“The Multix is India’s first Personal Utility Vehicle (PUV). We aim to popularise the Multix, grow this customer segment and get scale to create a conducive and progressive ecosystem for independent businessmen to unlock their potential.”

The Multix has a 510 cc diesel engine, mileage of 29 km to a litre of diesel and meets Euro 3 emission norms. It is a four-wheel drive vehicle. The AX version can seat five people and there is storage capacity at the back. The MX version has a rear area for goods and a cabin for seating people. The vehicle is low on maintenance costs.

“We worked it out like this: the customer buys a motorcycle for Rs 50,000, then he buys a generator for another Rs 50,000. He also has to either buy or hire a commercial vehicle to transport his goods. That still doesn’t take care of his family’s transport needs. So we reached a sweet spot with this price,” says Dubey.

The Multix is manufactured at the company’s  state-of-the-art factory located in Jaipur. Vehicles have started rolling out. They have 30 dealers in UP, Rajasthan, Bihar, Tamil Nadu and Madhya Pradesh.

“Our objective is to reach rural areas first,” says Dubey. “Then, peri-urban areas. Areas which have a power shortage and poor infrastructure are the ones most likely to buy the Multix.”

B.C. Nitharwat, a Multix dealer in Jaipur, is a busy man on the verge of selling his 100th Multix. “We are getting a very good response from customers,” he says. “People are buying it for various reasons.”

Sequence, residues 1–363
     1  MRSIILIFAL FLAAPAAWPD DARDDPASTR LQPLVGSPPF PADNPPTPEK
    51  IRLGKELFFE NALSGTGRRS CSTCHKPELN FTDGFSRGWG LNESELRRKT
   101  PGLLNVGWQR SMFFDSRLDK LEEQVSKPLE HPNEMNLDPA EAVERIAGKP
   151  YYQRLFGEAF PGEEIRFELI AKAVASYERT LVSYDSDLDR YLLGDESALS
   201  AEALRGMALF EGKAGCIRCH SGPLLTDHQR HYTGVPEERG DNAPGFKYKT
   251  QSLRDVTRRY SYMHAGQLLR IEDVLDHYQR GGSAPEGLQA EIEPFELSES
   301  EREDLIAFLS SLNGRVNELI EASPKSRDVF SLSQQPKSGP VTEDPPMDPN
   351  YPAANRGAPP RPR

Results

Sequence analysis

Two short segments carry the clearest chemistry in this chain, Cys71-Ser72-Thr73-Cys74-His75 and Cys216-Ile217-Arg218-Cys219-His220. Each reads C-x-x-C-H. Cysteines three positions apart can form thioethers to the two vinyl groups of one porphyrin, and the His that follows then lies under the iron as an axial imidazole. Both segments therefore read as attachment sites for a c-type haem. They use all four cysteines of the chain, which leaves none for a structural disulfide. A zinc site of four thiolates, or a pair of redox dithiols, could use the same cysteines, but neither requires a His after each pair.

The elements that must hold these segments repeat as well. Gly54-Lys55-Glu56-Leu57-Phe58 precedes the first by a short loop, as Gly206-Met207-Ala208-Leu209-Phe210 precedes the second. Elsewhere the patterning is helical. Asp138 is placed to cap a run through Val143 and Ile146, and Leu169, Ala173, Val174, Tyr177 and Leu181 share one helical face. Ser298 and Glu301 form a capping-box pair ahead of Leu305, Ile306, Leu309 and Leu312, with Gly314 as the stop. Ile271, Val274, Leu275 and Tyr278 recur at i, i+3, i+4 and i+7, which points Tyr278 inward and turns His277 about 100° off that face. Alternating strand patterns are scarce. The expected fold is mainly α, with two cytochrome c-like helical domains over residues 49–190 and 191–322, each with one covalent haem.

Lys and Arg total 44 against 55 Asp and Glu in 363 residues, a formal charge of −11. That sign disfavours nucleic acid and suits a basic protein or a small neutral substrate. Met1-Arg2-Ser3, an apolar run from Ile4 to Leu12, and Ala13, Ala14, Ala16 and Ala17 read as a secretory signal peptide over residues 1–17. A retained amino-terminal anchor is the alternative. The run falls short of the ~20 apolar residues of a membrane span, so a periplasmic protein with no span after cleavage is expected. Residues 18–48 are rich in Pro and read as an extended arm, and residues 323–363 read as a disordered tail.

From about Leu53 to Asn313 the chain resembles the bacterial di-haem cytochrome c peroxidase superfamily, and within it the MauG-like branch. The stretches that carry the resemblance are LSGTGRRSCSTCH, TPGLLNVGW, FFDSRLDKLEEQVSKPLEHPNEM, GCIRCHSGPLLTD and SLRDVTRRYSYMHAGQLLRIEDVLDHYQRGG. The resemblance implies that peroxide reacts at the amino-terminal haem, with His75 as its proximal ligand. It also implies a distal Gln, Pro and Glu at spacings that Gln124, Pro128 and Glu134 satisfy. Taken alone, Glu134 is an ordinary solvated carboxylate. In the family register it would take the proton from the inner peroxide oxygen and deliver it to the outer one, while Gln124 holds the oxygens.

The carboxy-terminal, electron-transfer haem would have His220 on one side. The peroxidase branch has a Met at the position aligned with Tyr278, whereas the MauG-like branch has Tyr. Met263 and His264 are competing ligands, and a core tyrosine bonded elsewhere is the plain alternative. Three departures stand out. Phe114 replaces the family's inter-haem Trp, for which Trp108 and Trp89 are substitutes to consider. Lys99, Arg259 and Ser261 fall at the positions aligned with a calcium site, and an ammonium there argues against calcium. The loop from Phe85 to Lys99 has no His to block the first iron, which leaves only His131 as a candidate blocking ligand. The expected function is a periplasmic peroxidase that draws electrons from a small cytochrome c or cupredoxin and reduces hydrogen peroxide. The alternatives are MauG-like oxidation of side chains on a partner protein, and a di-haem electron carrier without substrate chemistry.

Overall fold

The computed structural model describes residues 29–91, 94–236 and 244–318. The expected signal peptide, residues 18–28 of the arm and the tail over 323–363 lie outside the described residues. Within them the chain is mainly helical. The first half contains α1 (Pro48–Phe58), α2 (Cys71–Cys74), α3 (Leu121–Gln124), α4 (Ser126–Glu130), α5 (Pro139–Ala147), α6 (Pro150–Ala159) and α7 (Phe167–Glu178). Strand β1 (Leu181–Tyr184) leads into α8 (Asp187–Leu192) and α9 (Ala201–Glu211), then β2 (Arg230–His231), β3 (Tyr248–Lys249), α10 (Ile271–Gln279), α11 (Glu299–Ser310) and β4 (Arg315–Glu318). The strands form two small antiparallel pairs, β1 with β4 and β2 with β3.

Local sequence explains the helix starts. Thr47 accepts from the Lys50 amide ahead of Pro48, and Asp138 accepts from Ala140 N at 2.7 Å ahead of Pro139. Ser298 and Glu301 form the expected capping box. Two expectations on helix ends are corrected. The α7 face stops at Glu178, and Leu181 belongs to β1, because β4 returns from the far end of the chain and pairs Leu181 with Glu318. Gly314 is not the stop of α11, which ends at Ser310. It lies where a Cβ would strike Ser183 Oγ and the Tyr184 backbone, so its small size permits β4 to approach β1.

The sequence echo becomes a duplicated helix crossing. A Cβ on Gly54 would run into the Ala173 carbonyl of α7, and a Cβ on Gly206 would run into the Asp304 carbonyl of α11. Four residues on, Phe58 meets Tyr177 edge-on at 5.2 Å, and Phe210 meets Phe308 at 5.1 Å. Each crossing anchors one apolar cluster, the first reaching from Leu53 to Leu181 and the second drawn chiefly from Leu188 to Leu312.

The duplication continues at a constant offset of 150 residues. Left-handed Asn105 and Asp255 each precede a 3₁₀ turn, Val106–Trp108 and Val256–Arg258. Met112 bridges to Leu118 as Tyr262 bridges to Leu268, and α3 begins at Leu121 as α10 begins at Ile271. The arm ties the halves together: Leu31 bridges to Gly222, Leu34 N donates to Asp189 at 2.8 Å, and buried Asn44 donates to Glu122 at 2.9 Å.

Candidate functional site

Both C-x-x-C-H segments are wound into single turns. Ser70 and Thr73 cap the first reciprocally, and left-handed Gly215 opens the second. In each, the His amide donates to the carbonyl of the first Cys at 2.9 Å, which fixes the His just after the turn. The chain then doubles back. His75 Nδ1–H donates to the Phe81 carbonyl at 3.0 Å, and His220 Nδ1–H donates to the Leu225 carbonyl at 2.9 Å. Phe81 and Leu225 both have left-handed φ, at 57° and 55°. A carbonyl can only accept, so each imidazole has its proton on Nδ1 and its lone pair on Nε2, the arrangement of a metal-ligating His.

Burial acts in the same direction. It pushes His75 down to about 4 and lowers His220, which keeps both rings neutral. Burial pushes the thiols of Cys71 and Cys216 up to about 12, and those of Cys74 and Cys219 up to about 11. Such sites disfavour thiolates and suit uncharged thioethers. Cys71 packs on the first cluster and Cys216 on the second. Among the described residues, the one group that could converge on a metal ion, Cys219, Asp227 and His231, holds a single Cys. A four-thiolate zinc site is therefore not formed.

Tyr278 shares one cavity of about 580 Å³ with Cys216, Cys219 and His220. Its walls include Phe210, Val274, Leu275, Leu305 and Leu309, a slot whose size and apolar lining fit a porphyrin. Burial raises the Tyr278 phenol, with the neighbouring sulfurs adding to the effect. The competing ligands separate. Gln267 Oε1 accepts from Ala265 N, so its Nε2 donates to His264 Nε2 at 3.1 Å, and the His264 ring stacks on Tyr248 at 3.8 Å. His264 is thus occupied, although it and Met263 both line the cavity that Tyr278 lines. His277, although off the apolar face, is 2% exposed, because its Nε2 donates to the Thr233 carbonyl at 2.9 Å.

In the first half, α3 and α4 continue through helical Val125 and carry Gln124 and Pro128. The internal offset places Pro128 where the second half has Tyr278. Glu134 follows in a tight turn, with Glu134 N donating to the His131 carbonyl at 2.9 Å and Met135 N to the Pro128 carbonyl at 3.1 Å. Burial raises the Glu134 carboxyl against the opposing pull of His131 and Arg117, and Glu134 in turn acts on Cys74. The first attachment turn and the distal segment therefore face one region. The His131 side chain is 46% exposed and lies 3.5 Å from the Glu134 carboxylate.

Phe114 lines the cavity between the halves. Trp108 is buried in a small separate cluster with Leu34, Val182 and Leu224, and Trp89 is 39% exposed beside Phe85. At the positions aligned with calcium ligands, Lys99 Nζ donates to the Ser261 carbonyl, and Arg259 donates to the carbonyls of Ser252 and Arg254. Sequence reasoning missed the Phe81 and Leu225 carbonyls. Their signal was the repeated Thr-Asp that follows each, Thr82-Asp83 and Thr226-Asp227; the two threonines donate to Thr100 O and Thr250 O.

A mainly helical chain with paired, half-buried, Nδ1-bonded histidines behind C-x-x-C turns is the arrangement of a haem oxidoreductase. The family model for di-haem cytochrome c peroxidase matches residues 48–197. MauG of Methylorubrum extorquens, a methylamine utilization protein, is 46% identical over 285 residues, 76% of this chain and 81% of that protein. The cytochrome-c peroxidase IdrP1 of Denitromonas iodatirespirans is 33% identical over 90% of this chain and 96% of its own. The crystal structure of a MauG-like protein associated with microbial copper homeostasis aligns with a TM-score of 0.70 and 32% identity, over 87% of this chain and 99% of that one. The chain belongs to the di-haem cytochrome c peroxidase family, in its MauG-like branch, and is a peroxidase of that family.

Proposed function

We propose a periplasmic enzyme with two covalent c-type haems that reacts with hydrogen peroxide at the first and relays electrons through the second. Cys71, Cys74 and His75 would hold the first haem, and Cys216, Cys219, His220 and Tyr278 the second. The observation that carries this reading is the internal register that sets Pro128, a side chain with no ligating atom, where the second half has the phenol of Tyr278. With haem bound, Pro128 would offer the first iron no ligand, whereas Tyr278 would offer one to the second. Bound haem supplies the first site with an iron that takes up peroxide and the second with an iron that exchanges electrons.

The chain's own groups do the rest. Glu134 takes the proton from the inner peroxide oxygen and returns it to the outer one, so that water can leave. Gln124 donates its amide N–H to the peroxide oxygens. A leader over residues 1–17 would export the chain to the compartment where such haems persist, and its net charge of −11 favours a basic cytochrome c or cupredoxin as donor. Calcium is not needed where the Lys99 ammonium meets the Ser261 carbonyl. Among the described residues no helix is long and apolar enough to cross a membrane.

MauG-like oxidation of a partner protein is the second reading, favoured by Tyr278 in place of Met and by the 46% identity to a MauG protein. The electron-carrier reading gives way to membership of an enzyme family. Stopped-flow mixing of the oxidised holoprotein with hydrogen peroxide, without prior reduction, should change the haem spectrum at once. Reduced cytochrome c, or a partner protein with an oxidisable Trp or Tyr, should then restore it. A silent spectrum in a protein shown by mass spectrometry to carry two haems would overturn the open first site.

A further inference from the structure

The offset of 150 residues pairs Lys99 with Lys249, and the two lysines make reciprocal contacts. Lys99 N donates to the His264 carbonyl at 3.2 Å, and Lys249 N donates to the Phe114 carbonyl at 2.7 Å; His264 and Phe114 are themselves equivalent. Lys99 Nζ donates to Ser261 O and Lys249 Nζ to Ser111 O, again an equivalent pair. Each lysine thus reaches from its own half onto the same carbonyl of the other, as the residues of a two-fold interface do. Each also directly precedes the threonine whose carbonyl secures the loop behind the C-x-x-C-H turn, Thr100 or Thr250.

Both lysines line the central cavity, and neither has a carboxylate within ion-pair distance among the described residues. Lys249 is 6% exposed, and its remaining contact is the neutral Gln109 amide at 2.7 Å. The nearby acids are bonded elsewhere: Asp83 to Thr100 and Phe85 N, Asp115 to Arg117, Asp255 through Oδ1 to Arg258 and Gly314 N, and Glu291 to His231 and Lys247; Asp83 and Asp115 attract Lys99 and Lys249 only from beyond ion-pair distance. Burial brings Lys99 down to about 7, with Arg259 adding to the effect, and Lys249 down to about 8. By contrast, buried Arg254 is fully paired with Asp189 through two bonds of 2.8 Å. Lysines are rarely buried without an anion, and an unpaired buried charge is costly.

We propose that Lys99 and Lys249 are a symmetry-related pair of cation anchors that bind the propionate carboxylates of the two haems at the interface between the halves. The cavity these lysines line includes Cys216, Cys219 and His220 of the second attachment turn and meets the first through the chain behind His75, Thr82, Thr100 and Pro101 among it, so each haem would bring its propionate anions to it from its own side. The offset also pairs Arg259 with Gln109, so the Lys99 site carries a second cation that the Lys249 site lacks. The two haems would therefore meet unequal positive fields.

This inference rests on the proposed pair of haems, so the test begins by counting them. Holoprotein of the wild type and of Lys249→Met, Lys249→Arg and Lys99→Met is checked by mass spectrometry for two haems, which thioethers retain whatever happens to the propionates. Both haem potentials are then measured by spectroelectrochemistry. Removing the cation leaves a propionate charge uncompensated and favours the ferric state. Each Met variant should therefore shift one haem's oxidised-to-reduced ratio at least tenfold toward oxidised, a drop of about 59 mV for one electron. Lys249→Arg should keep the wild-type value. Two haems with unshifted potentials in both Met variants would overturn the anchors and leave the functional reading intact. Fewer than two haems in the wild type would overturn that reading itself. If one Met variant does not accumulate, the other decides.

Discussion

Two carpenters bought it for power generation, says Nitharwat. “One is running four machines through the Multix. He had approached a bank for a loan but within 15 days he paid me half the money, saying he had recovered its cost, and he will pay the rest soon,” says Nitharwat.

A sweetshop-owner bought it for his catering business. A manufacturer of solar panels bought it to transport his panels safely. Until he bought the Multix, a  few of his solar panels would invariably get damaged during transportation.

The company is relying on word of mouth for marketing the Multix and it seems to be working. “The idea is to give potential customers firsthand experience of the vehicle. Otherwise, people disbelieve our claims. People ride it, use it and spread the word. So our advertising costs are minimal,” says Dubey. 

Nitharwat seconds Dubey’s opinion. “The best part of being a Multix dealer is the support we get from the company. We organise a three-day camp in the villages to give a demo of the Multix. On the third day, people from the factory join us. Our customers are our brand ambassadors. They recommend it to their friends and relatives and are even ready to clear any doubts. They feel kind of proud when somebody buys the vehicle because of their recommendation,” says Nitharwat. 

For city roads, Nitharwat recommends a few alterations: more comfortable seats, and a very silent engine. But Dubey is clear: the Multix has been designed for rural India and that is his absolute focus for now.